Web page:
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Rhonas the Indomitable and Oketra the True are pretty insane with Helm of the Host. Since they are indestructible, it's hard for the opponent to kill them in response to our Helm equip, and then the copies Helm makes get out of control pretty quickly. Take Rhonas, for example. If we get two or three on the battlefield thanks to Helm of the Host, we have a bunch of 5/5 indestructible attackers (or blockers). Plus, they can pump each other and give each other trample, which combined with deathtouch means it's basically impossible for the opponent to stay alive by blocking. Meanwhile, Oketra the True is basically a backup God. While not as good as Rhonas, it's still a fine target for Helm of the Host, making a wall of indestructible double strikers. 

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Finally, we have one Shalai, Voice of Plenty and one Lyra Dawnbringer as additional finishers. While our Angels aren't as game ending as Combat Celebrant or as resilient as our Gods or Gideon, they are still fine targets for Helm of the Host. We basically assemble a hexproof lock if we get two copies of Shalai, Voice of Plenty on the battlefield, since each copy gives the other (along with our other stuff) hexproof, which means our opponent needs a (non-Settle the Wreckage) wrath to deal with our board. Meanwhile, Lyra Dawnbringer with Helm gives us a horde of Baneslayer Angels, and they even pump each other with the oft-forgotten Angel lord ability!

Other Stuff

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For supporting our combo, we have two primary options: Board the Weatherlight and Llanowar Elves. Board the Weatherlight is pretty insane in our deck, since apart from Combat Celebrant, all of our combo pieces are historic, so the sorcery digs us five cards deep to find Helm of the Host if we don't have one. If we already have our namesake equipment, we can dig for a God, Gideon, or Angel to equip up. Meanwhile, Llanowar Elves just helps speed up our deck. As we talked about before, the biggest downside of Helm of the Host is that's it's so expensive, and having a powerful mana dork like Llanowar Elves helps minimize this downside.

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Otherwise, we just have a bunch of removal to help us stay alive long enough to get Helm of the Host on the battlefield. Walking Ballista is nice, since we can find it with Board the Weatherlight and it scales fairly well to the late game (although you shouldn't equip it with Helm, since the copy will be a 0/0 with no counters). Seal Away, Abrade, and Cast Out give us additional answers, and Treasure Map is a solid two-of to help us filter in the early game and eventually make some extra mana to let us cast and equip Helm of the Host on the same turn.

The Matchups

The matchups are mostly about how likely we are to get blown out while trying to equip Helm of the Host, which means decks with lots of Abrades, Cast Outs, and Vraska's Contempts are hard. On the other hand, we can bear just about anyone if our opponent doesn't have the right removal spell at the right time—it only takes one turn of having a Combat Celebrant equipped with Helm of the Host to steal the win, and even with cards like Rhonas, Gideon, or Oketra, it doesn't take that long for Helm to generate an overwhelming advantage. We can also get run over against aggro, but it depends on the specific hand. If we have our Lyra Dawnbringer or a fast start with Llanowar Elves, we can keep pace with our opponent's fast start, and then Helm of the Host gives us late-game inevitability.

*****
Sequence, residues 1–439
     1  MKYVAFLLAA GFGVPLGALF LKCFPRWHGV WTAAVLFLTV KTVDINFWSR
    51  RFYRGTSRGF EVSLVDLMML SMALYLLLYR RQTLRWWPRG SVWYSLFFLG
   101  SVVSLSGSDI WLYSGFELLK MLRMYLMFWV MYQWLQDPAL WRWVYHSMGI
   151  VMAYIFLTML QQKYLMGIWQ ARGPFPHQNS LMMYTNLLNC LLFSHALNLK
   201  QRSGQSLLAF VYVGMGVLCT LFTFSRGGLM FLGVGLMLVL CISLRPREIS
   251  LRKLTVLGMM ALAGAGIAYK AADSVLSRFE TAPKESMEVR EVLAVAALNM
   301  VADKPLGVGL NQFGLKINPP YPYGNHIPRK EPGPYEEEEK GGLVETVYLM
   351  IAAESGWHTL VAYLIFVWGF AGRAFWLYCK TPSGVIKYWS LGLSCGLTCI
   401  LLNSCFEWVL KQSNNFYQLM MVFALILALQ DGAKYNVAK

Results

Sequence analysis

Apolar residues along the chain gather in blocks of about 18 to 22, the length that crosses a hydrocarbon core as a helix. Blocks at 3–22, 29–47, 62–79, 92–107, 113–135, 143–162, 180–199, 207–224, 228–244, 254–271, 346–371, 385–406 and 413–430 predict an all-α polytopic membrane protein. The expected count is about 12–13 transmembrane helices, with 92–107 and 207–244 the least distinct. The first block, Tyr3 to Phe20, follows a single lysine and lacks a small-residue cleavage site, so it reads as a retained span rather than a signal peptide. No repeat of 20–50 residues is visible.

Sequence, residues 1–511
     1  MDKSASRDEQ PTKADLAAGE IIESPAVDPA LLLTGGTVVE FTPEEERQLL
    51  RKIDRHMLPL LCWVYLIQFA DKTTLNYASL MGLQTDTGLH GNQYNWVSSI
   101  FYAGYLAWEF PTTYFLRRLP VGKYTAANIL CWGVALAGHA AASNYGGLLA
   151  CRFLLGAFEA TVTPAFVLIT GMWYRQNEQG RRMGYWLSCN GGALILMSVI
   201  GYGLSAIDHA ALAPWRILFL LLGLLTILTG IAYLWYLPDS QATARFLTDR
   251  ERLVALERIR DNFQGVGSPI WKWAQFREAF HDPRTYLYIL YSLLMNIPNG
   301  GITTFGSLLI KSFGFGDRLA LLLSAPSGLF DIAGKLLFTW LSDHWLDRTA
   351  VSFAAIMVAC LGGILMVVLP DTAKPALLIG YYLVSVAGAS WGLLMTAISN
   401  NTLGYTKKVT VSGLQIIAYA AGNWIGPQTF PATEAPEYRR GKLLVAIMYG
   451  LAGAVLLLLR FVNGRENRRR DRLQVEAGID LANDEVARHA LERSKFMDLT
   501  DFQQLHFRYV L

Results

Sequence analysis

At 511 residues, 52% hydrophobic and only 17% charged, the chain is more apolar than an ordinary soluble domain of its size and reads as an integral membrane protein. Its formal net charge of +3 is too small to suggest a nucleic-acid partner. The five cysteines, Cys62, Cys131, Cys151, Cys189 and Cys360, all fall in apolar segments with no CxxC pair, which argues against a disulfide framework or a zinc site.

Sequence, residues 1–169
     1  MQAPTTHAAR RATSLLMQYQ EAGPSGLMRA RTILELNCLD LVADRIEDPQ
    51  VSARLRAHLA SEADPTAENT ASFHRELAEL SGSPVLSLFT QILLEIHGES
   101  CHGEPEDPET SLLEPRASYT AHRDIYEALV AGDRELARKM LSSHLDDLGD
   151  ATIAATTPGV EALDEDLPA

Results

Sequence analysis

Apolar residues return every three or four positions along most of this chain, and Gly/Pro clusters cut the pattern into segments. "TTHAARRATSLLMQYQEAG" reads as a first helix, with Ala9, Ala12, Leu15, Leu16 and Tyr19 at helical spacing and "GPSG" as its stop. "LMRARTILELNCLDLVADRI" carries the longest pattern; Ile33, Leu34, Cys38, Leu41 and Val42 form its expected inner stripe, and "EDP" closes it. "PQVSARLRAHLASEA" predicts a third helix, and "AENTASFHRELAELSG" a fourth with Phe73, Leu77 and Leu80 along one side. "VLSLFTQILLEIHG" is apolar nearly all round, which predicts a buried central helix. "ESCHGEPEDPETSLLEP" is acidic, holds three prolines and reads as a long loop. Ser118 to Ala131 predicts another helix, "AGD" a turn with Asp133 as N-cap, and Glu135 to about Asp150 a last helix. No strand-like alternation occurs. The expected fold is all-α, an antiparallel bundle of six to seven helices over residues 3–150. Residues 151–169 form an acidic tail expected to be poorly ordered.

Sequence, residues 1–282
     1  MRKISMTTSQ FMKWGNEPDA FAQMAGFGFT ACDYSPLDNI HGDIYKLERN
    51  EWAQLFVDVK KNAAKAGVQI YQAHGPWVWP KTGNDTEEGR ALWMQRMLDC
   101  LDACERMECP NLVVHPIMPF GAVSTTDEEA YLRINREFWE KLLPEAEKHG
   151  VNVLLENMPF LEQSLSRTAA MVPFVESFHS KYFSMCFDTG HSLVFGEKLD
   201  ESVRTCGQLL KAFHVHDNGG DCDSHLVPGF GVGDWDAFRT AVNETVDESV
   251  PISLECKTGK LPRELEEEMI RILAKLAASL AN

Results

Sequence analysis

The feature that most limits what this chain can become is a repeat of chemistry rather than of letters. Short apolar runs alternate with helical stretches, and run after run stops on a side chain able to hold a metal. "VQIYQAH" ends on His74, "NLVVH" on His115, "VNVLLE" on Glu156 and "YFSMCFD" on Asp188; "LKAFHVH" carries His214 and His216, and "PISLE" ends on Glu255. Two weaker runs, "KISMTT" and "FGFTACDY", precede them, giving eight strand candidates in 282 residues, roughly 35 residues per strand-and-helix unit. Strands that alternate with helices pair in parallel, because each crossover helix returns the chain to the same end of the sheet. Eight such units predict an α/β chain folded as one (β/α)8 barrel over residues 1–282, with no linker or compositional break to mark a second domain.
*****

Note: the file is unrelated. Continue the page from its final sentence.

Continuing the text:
The Odds

All in all, we played five matches and won three, good for a 60% match win percentage, while also winning seven of our 12 games, which comes in just under 60% in terms of game win percentage, making Helm of the Host about average for recent Against the Odds decks. More importantly, nearly all of our wins were Helm of the Host wins. One of my worries heading into the matches was that we'd win some games but they would be from our random Naya Midrange plan rather than with Helm. Thankfully, we managed to pull off just about every Helm combo in our deck over our five matches, from infinite Combat Celebrants to multiple Gods to having five Gideon of the Trials on the battlefield! The end result is that Helm of the Host is way more powerful than I thought heading into our matches. While the blowout potential is high, it's very hard to lose if we can equip it for just a turn or two!

Vote for Next Week's Deck

We're getting near the end of Dominaria season, and we'll be returning to a normal poll with a mixture of sets soon, but there are still some more Dominaria cards that deserve a shot at Against the Odds glory. Which of these Dominaria cards should we play in Standard next week? Let us know by voting below!

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Conclusion

Anyway, that's all for today. Don't forget to vote for next week's deck! As always, leave your thoughts, ideas, opinions, and suggestions in the comments, and you can reach me on Twitter @SaffronOlive or at SaffronOlive@MTGGoldfish.com!